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The biggest story of 2005 will be the sputtering breakdown of

General Motors

(GM) - Get Report

, America's largest carmaker.

It's no secret that the Detroit behemoth has gotten through the pastthree years by using easy credit to sell cars and by making hugeprofits in its finance arm, General Motors Acceptance Corp., or GMAC.Yes, the auto business has improved. But on balance it remains a lemon, with the European operations lately burdening the company with hefty losses.

Now there are several signs that GMAC won't be able to take up theslack much longer. Without windfall profits from its finance business, GM could find itself earning as little as $4 a share next year, compared with analyst expectations of $5.15. The rating agencies, which have downgraded GM this year, could easily slap a junk credit rating on the company if GMAC stutters and the auto segment continues to suffer. With over $284 billion of debt, a junk rating would be a real blow.

Wednesday, GM's stock was up 5 cents to $38.23. On analysts' 2005estimates, it's trading on a price-to-earnings ratio of 7.4 times,which looks extremely cheap. But management's failure to get its earnings forecasts right suggests that $5.15 might be hard to hit.Indeed, with a real pullback in the mortgage sector of the economy anddrop in the auto lending business, earnings could slump at GM.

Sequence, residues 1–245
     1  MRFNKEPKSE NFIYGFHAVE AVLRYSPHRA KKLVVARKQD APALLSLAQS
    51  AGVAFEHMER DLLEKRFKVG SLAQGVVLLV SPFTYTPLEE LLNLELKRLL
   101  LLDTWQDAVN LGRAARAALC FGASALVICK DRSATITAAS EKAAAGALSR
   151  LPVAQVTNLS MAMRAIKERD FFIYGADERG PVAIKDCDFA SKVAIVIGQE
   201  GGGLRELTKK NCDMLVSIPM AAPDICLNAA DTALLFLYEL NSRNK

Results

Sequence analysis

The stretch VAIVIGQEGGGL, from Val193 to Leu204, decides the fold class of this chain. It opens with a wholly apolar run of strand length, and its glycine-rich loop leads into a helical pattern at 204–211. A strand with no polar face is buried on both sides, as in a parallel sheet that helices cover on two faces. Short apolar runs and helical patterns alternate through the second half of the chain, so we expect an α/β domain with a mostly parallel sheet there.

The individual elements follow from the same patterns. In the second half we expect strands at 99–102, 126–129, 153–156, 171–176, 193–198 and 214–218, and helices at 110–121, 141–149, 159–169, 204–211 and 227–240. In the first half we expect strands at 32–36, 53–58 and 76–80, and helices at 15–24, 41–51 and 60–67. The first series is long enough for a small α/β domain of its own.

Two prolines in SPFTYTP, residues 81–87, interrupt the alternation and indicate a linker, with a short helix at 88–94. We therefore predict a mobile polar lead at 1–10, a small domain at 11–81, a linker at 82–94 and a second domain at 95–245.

Unit Pricing Reversal

To understand GM's vulnerability, one first has to grasp the interplaybetween GMAC financing and the amount of cars GM sells.

Attractively priced GMAC loans have helped the company move a lot of cars over the past three years without having to reduce prices too much. The low rates ushered in by the


after the 9/11 attacks meant GM couldlend to boost car sales, and the auto finance arm at GMAC profited fromthe explosion in lending. In the first nine months of 2004, GM earned $3.06 billion -- of which 75% came from GMAC.

GM's sinking stock

One statistic that led investors to believe this strategy was working was that revenue per vehicle sold in North America was climbing. This suggested to some that the crazy-seeming incentives weren't so crazy because they enabled the company to increase unit prices and thus maintain margins.

However, in the third quarter, North American per-unit vehicle revenuefell to $18,339 from $18,984 in the year-earlier period. That suggeststhat no matter what promotions are available, car buyers are reallybeginning to care more about price. And the fact that GM is nowoffering whopping $7,500 rebates on 2004 models suggests that GMmanagers understand that customers are growing more demanding on incentives.

As crazy as the rebates may be, they may do little to abet theunit-revenue drop, since interest rates are rising and pushing up thecost of loans.

Also worrying: Auto finance earnings are already taking a turn for theworse. In the third quarter, GMAC's auto finance earnings droppednearly 20% from a year ago, to $259 million.